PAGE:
The Furious Gazelle

Literary as hell.

Category: Books (page 1 of 2)

Book Review: Where Night Stops, by Douglas Light

Where Night Stops, a new novel by Douglas Light, is a gripping thriller written in deliciously literary prose. The protagonist ends up over his head in a money laundering scheme when a homeless man named Ray-Ray hands him a message in a bar of soap. That message leads him to the local library, which sets him off on a series of jobs that seem easy enough, and pay well. There’s just one problem: he has no idea what he’s doing, no idea why someone is paying him $300 to pick up checks from pre-arranged points and deposit them in library books. He calls these mysterious jobs “Kam Manning,” and inches in further and further, convincing himself that he’s not doing anything wrong.

The novel unravels slowly. It starts with our narrator in a bar with a woman who complains of being ugly. She sits next to our protagonist, trading a few lines of witty banter. She says that “My heart is a divided Vienna,” referencing Orson Welles’s The Third Man. Continue reading

Book Review: Searching for Someday by Jennifer Probst

Searching for Someday is like a lollipop. You unwrap it, excited. I shouldn’t be reading this, you think. It has no real sustenance. But then you do read it, and you think, ugh, this is too sweet. And the prose is horrible. Did I ever use to like these? But it goes down quick before you really have a chance to think about it.

As a bodice-ripper, this book sort of succeeds. I’m saying “sort of” because it was page-turning and somewhat engrossing, which is really the only thing one asks for in books like this. I finished it in about three days. But the cringe factor is very high. I’ll leave aside the ridiculous nature of the premise – Kate runs a matchmaking agency called Kinnections, where she uses a combination of her supernatural ability to detect compatibility and real world dating advice to create lasting connections for her clients. She is also cursed to find one true soul mate in life. No one else will do it for her. OK, that part is fine.

Where the book starts to fall apart is when Slade enters the picture. A no-nonsense, super hot divorce lawyer, he becomes Kate’s client as a way of keeping tabs on his sister, who’s recently signed up for Kinnections. No. No no no no. Kate and her friends frequently cite Slade’s “protectiveness about his family” as a plus, but really? His behavior toward his sister is controlling, obsessive, unhealthy. Continue reading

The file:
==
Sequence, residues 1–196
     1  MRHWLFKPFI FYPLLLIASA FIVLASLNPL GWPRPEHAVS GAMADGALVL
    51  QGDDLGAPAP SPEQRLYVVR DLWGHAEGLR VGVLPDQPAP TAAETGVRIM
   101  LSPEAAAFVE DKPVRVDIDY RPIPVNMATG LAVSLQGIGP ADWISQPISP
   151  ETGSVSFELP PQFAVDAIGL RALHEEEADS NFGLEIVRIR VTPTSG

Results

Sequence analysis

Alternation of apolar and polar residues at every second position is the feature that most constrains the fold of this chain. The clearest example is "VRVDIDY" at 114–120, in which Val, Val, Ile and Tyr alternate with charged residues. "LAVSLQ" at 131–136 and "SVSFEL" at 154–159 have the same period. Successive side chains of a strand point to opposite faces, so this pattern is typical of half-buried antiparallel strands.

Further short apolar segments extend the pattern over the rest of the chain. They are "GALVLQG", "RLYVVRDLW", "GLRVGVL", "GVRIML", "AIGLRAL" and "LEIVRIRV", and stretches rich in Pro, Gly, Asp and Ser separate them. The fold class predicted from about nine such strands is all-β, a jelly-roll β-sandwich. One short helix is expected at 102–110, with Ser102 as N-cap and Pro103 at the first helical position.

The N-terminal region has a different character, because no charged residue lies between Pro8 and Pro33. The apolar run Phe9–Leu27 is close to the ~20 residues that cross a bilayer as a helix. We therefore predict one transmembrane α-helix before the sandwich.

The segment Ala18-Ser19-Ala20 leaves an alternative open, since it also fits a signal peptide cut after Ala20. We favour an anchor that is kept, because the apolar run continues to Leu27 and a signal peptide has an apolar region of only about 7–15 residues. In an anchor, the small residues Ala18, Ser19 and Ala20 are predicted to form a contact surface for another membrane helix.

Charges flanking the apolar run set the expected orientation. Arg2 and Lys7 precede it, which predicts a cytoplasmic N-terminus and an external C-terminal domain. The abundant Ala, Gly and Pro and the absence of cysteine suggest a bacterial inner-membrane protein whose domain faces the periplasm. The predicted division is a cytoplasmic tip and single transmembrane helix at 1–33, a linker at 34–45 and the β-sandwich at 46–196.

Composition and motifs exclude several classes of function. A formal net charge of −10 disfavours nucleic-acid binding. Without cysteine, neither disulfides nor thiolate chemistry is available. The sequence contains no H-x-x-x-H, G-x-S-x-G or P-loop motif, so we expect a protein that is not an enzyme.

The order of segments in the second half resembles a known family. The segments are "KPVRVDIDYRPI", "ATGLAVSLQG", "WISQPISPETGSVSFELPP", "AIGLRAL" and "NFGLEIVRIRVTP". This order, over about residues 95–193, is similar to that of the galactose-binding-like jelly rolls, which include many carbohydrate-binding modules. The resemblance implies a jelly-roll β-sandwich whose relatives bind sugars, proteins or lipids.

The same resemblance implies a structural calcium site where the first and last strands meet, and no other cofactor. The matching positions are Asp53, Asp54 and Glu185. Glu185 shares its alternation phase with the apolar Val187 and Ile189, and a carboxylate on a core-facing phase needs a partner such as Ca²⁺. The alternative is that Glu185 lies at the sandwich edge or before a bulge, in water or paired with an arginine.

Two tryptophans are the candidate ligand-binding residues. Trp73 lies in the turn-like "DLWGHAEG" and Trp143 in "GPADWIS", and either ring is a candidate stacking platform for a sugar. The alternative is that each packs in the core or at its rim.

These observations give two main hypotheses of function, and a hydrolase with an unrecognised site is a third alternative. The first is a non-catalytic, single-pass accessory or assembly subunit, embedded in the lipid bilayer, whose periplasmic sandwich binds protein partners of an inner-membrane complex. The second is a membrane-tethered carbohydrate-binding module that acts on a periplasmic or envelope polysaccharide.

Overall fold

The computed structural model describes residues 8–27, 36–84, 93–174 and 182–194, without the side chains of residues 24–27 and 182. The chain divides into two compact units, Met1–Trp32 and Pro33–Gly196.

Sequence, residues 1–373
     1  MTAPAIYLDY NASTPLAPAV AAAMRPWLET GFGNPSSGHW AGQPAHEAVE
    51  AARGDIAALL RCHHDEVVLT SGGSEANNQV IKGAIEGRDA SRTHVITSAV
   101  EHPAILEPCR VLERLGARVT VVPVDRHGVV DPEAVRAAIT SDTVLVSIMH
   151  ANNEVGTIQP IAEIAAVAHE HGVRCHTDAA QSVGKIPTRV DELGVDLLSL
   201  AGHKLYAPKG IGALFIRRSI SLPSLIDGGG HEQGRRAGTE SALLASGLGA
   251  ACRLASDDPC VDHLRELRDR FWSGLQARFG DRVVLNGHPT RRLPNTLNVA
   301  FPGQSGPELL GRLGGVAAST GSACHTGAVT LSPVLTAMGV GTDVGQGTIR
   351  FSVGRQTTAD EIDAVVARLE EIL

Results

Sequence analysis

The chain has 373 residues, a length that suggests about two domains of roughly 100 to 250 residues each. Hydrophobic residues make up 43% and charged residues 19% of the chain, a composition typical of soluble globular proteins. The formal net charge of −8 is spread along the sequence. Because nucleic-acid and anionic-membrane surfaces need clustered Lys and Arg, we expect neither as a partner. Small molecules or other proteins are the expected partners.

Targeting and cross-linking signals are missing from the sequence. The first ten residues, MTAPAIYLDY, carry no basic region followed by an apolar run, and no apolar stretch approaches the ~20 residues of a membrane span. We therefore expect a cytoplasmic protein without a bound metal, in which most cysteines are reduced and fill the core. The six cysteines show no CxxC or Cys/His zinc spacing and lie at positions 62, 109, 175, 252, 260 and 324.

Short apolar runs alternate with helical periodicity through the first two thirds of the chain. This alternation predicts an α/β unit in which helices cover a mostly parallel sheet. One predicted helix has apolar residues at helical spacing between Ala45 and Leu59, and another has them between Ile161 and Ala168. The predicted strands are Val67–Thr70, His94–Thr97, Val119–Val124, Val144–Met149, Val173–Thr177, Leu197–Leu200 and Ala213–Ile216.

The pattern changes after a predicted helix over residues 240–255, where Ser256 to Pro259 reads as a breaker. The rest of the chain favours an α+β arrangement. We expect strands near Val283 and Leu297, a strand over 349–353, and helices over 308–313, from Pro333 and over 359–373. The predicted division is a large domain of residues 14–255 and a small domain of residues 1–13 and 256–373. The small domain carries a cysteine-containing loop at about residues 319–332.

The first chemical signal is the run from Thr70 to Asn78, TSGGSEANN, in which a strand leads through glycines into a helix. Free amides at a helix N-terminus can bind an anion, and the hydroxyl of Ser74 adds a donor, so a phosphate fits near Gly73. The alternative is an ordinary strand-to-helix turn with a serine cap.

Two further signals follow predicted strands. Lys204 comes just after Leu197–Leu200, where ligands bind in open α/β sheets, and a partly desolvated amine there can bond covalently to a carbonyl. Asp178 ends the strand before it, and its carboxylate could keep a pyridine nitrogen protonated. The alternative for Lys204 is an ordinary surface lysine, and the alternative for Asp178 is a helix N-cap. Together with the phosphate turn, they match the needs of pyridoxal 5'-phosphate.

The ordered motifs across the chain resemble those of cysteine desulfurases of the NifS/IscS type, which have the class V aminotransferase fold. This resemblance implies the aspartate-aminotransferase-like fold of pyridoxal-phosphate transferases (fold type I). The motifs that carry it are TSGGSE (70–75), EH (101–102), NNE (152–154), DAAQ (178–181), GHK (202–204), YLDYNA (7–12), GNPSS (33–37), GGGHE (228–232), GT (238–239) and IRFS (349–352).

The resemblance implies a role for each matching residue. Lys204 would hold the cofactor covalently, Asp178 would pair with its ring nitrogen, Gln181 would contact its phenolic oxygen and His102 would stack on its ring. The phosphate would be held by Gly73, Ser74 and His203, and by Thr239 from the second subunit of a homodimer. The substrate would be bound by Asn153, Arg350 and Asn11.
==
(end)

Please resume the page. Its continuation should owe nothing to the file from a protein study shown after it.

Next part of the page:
Book Review: Dead Spider, by Victoria Houston

In Dead Spider, the 17th installment in Victoria Houston’s Loon Lake mystery series, Charles Pfeiffer, the wealthiest man in town is murdered. It’s up to police chief Lewellyn Ferris and her deputy coroner Paul Osborne to find his killer. Dead Spider is a standalone story, and Houston briefly tells you anything you need to know about the characters in the first few pages so you don’t need to read any of the other books in the series before picking this one up.

A fast moving story, Dead Spider is a good beach read. It’s a light, airy page turner with a well-crafted mystery. The book relies on some mystery tropes (the murdered man has a bitchy daughter-in-law and a gold-digging wife, for example), but colored with Houston’s charming cast of small town characters, and the active fly fishing economy, it feels fresh. Loon Lake is based on the small Wisconsin town where Houston grew up, and you can tell she has a deep love for the area. Continue reading

Book Review: Forest of a Thousand Lanterns by Julie C. Dao

This debut novel by Julie Dao is the first book in the Rise of the Empress series. The series explores the imagined youth of Snow White’s Evil Queen in an East Asian-inspired fantasy setting. Xifeng, the protagonist, is a strong, complex young woman struggling to choose between a path of light and dark. She knows the right thing to do, but a voice inside of her urges her on towards evil.